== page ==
The Olympics and the City

February 8, 2010
On Friday February 12 the 2010 Winter Olympics begin in Vancouver. Like all host cities, Vancouver had to plan for a sprint and a marathon — it had to develop, finance, design and build a range of sport and residential venues that would not only make the two-week event a big success but also, when the world had gone back home, become a vital and enduring part of the city fabric.

Vancouver planning director Brent Toderian spoke recently with journalist Nate Berg, of Planetizen, about how the city, known for progressive planning and green thinking, was meeting the Olympic challenge.

Nate Berg: Your city is just about to host the Olympics. What’s the mood like there?

Brent Toderian: There's a feeling of the calm before the storm, but saying there’s calm here is probably not particularly accurate. There’s still a huge amount to do. Though the truth is, when you’ve spent years working to get to this moment, if you’re not ready by now, you probably won’t be. So, you know, there are finishing touches to be done, but the mood is ramping up. People are getting really enthusiastic about hosting the world.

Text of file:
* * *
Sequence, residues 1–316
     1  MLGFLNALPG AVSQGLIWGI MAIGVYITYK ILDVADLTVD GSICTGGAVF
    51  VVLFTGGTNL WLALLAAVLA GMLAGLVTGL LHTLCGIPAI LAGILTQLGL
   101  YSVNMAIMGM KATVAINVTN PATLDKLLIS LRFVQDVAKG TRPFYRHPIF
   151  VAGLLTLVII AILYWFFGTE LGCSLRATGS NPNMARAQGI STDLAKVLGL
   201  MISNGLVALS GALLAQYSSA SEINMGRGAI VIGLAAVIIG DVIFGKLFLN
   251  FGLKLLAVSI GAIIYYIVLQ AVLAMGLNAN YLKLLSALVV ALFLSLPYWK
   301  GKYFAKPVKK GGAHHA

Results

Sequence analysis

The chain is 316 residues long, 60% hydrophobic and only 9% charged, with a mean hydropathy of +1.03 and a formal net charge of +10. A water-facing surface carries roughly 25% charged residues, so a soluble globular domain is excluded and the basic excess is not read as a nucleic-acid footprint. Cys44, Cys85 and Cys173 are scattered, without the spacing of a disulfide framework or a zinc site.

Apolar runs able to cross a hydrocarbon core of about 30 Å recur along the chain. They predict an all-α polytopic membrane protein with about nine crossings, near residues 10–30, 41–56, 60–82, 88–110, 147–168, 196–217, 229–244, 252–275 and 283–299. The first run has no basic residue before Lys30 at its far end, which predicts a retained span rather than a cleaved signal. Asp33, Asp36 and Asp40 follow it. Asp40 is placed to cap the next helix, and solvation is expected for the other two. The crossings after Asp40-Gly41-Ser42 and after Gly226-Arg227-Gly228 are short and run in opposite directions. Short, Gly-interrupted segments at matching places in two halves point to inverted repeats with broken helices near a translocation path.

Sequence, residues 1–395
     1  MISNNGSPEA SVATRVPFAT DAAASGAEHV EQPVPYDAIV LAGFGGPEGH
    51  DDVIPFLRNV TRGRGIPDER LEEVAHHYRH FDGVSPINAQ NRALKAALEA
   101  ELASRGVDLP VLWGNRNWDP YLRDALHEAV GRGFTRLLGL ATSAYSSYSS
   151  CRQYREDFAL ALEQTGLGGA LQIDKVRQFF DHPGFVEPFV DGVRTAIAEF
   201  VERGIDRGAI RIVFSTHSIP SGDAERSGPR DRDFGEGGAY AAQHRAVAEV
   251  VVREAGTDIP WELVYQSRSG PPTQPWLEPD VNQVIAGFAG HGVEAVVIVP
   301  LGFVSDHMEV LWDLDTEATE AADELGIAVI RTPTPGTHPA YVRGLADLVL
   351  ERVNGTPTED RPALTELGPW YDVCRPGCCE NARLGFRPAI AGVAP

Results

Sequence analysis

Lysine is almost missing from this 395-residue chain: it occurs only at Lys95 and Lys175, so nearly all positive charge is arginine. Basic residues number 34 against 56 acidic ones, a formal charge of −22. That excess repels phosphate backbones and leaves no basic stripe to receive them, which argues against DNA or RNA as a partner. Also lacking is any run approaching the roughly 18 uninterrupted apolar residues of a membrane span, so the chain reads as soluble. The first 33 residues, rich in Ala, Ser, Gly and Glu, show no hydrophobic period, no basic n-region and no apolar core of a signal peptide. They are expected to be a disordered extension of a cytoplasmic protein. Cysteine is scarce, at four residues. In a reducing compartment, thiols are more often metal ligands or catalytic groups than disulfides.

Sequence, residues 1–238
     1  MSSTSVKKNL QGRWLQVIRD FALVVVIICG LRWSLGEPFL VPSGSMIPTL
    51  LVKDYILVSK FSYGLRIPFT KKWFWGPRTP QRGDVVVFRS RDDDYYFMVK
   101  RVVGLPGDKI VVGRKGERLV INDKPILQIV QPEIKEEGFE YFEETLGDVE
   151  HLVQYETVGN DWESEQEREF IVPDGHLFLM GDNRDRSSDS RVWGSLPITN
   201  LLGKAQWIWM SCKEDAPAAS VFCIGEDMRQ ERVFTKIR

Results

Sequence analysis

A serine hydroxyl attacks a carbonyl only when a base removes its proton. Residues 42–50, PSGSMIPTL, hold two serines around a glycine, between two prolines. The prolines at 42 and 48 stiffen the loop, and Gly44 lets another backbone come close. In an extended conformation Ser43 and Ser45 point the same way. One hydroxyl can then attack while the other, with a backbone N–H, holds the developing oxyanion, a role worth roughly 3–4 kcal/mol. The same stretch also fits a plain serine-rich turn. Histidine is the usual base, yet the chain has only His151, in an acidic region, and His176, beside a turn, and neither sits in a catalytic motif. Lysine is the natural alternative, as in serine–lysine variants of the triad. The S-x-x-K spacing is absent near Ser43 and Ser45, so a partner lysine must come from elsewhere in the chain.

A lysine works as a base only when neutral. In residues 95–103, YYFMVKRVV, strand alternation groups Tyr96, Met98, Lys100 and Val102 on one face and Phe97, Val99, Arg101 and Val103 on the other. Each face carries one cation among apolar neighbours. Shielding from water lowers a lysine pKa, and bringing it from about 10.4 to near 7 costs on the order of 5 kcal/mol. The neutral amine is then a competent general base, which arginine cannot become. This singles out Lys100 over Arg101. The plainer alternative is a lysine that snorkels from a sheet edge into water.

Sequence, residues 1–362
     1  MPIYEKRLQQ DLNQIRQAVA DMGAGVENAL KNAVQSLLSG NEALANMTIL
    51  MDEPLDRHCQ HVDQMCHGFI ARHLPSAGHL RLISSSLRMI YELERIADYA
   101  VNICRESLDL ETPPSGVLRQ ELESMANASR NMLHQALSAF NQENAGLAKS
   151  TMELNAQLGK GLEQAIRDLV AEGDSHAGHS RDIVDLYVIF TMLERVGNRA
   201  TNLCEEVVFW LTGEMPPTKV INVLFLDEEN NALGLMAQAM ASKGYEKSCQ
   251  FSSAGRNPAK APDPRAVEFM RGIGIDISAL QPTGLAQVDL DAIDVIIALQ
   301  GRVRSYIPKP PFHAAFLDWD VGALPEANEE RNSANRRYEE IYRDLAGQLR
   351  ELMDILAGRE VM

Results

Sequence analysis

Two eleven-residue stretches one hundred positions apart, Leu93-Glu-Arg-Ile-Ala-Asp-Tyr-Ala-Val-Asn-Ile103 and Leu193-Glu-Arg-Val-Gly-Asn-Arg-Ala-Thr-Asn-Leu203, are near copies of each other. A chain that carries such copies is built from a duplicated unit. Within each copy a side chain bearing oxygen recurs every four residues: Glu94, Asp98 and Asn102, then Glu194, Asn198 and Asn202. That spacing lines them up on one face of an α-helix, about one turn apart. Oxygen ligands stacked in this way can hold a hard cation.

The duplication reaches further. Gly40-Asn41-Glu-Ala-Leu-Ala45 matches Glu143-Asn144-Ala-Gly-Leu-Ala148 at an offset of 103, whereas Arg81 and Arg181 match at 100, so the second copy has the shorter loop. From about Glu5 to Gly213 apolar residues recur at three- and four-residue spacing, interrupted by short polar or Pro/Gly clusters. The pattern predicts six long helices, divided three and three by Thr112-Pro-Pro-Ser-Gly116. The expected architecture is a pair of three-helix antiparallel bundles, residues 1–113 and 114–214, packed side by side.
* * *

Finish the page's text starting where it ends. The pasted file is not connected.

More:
Past Olympic cities have talked about the emotional roller coaster that happens before an Olympics, and sometimes you have to go through the troughs to get to the high points. I think our city has had that. Vancouver is a very self-aware city. We can be tough on ourselves and that’s one reason we’ve achieved as much as we have. But it can be a challenge to balance between boosterism and cynicism about our place in the world, and how well we’ve achieved our goals around the Olympics and around sustainability. But as we get closer and closer to the day, it’s just more excitement and less worry. As they say, at this point it’s like the luge: no brakes and limited steering.